NASM Chapter 2 - Basic Exercise Science - 3rd Edition Flashcards

Terms Definitions
It is a conglomeration of billions of cells forming nerves that are specifically designed to provide a communication network within the human body
The Nervous System
What are the three pimary functions of the nervous system?
Sensory, Integrative and Motor function
The ability of the nervous system to sense changes in either the internal or external environment.
Sensory Function
The ability of the nervous system to analyze and interpret the sensory information to allow for proper decision making and produce the appropriate response.
Integrative Function
The neuromuscular response to the sensory information, such as causing the muscle to initally contract when stretched.
Motor Function
The functional unit of the nervous system
The Neuron
The three main parts of the neuron
- Cell Body
- Axon
- Dendrites
The three main functional classifications of neurons
- Sensory (Afferent)
- Interneurons
- Motor (Efferent)
Transmit nerve impulses from effector sites via receptors to the brain and spinal cord.
Sensory Neurons
Transmit nerve impulses from one neuron to another.
Transmit nerve impulses from the brain and spinal cord to the effector sites such as muscles or glands.
Motor Neurons
Consistes of the brain and the spinal cord.Serves mainly to interpret information.
Central Nervous System
Consists of 12 cranial nerves, 31 pairs of spinal nerves and sensory receptors.
Peripheral Nervous System
Two Functions of peripheral nerves
1. They provide a connection for the nervous system to activate different effector sites such as muscles.
2. Relay information from the effector sites back to the brain via sensory receptors providing a constant update on the relationship between body and environment.
Specialized structures that are designed to transform environmental stimuli (heat, light, sound, taste, motion) into sensory information that the brain and spinal cord can interpret and produce a response.
Sensory Receptors
Specialized structures that are responsible for sensing distortion in tissues.
Mechano Receptors
The major sensory organs of the muscle and sit parallel to the muscles fibers. They are sensetive to change in length and rate of length change.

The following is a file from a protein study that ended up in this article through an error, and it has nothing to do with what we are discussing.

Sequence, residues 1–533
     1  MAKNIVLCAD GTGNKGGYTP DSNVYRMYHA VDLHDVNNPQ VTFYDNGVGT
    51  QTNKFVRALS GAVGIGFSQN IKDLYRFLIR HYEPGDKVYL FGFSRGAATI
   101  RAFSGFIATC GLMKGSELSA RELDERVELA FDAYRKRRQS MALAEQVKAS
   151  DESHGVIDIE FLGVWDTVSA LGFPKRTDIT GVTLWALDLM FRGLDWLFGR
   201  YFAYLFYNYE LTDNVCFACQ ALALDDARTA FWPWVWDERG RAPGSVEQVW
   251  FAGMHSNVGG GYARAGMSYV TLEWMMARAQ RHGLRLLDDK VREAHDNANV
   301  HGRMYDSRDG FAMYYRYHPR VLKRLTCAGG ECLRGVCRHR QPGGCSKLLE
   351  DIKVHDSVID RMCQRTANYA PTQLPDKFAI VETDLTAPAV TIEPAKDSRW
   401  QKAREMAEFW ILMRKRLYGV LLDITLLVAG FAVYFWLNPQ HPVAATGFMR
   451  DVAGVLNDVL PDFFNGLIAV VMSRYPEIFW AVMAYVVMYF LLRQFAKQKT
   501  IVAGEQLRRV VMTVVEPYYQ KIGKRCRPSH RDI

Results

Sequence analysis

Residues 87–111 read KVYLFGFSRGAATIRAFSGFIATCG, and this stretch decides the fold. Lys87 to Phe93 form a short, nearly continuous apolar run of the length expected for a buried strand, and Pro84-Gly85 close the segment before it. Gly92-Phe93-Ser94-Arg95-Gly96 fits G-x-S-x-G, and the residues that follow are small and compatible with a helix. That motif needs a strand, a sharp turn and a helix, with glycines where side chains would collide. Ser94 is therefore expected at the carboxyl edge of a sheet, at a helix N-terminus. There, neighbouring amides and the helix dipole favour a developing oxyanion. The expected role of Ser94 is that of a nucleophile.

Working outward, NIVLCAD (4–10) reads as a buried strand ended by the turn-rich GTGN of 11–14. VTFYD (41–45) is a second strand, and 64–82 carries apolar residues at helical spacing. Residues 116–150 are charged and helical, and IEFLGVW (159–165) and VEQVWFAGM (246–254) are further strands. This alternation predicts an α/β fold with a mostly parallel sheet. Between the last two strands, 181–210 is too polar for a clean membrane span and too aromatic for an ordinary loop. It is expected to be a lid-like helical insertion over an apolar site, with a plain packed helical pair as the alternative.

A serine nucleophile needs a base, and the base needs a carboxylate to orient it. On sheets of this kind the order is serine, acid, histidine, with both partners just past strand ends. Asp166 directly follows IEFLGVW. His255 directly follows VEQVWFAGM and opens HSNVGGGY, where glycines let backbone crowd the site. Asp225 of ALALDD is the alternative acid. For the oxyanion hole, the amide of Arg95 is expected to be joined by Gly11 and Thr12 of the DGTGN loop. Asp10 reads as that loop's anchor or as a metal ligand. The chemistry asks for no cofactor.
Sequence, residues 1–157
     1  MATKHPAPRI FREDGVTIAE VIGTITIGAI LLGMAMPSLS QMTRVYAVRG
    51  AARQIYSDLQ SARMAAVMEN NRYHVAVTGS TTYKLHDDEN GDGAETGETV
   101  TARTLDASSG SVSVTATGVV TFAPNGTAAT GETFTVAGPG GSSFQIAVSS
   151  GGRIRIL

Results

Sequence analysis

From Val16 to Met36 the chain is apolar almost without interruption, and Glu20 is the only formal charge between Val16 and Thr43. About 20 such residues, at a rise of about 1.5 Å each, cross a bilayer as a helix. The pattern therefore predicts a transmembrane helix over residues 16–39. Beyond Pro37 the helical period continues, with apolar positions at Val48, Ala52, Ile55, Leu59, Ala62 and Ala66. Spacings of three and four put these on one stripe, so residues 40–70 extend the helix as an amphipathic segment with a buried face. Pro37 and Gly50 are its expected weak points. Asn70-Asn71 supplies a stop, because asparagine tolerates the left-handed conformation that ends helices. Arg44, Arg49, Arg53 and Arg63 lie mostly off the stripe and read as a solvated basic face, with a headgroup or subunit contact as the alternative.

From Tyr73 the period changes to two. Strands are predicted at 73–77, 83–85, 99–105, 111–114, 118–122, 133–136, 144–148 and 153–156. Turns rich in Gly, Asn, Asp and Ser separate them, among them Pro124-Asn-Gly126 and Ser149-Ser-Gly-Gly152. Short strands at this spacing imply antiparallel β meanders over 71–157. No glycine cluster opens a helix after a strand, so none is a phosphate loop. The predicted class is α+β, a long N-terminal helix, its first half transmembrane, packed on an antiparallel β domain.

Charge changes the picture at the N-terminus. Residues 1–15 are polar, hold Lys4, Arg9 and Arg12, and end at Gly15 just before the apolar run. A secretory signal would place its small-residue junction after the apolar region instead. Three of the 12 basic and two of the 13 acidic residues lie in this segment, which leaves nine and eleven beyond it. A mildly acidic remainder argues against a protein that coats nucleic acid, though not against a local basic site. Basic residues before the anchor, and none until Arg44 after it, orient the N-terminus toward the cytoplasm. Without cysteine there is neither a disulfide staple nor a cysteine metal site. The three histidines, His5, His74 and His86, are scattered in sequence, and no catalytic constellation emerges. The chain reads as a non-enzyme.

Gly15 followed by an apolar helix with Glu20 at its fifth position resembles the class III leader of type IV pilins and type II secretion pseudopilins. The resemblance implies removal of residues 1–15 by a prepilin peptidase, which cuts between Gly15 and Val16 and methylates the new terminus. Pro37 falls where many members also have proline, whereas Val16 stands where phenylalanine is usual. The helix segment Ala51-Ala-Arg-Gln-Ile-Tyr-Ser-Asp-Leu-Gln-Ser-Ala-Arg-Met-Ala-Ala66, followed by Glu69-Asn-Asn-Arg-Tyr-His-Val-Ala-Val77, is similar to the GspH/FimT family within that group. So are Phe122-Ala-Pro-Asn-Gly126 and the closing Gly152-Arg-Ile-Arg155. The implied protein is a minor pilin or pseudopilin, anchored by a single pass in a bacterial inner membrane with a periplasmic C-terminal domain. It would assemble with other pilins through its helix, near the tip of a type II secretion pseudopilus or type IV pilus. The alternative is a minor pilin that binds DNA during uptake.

Muscle Spindles
At the point where the muscle and tendon meet and are sensitive to changes in muscular tension and rate of the tension change.
Golgi Tendon Organs
Made up of three systems. The Muscular, Nervous and Skeletal systems.
Kenetic Chain
A framework for our structure and movement.
The Skeletal System
Form junctions that are connected by muscles and connective tissue.
Sites where movement occurs as a result of muscle contraction.
Made up of the skull, the rib cage, and the vertebral column. 80 Bones
Axial Skeleton
The upper and lower extremeties as well as the shoulder and pelvic girdles. 126 Bones
Appendicular Skeleton
The number of joints in the body
Flattened or indented portions of the bone that are attachment sites for the supraspinatus and infraspinatous muscles, respectively.
Bone Depressions
Projections protruding from the bone to which muscles, tendons, and ligaments can attach.
Bone Processes
Joint motion with three major motion types. Roll, slide and spin.
Classifications of Joints
Synovial and Nonsynovial
Comprising 80% of the joints in the body and are most associated with movement and have the greatest capacity for movement. (The Knee)
Synovial Joints
No joint cavity and fibrous connective tissue; Little or no movement.
Nonsynovial Joints
No axis of rotation; Moves by sliding side-to-side or back and forth. (Carpals of the hand)
Gliding Joint
Formed by fitting of condyles of one bone into elliptical cavities of another; moves predominantly in one plane. (Knee)
Condloid Joint
Uniaxial; moves in one plane of motion - sagittal (Elbow)
One bone fits like a saddle on another bone; moves predominantly in two planes - sagittal frontal (Joint of the thumb)
Only one axis; moves in one plane of motion - transverse (radioulnar)
Most mobile of joints; Moves in all three planes of motion (Shoulder)
Made up of collagen and is the primary conective tissue for a joint. Connect bone to bone and provide static and dynamic stability.
Muscles generate internal tension that, under the control of the nervous system, manipulates the bones of our body to produce movements.
The Muscular System
Structures that attach muscles to bone and provide the anchor from which the muscle can exert force.
The wrapped outter layer of the muscle
The Epimysium
Structures that atttach muscle to bone and provide the anchor from which the muscle can exert force.
The Tendons
A plasma membrane that encases muscle fibers.
The Sarcolemma
The functional unit of muscle that produces muscular contration and consists of repeating sections of actin and myosin.
The contraction of a muscle generated by neural stimulation
Neural Activation
A motor neuron and all the muscle fibers it innervates
Motor Unit
Chemical messengers that cross synapses to transmit electrical impulses from the nerve to the muscle.
Muscle Fiber Types
Type 1 (Slow Twitch)
Type 2 (Fast Twitch)
Muscle fiber with;
-More Capillaries, mitochondria and myoglobin
-Increased Oxygen delivery
-Smaller in size
-Less force produced
-Slow to fatigue
Type 1 (Slow Twitch)
Muscle Fiber:
-Fewer capillaries, mitochondrea, and myoglobin
-Decreased oxygen delivery
-Larger in size
-More force produced
-Quick to fatigue
Type II (Fast Twitch)
Four Muscle Types
- Agonist
- Synergist
- Stabilizer
- Antagonist
Muscles that are the primary movers in a joint motion. Also known as Prime Movers.
Muscles that act in direct opposition to agonists
Muscles that assist Prime Movers (agonists) during functional movement patterns
Muscles that support or stabilize the body while the prime movers and the synergists perform the movement patterns.
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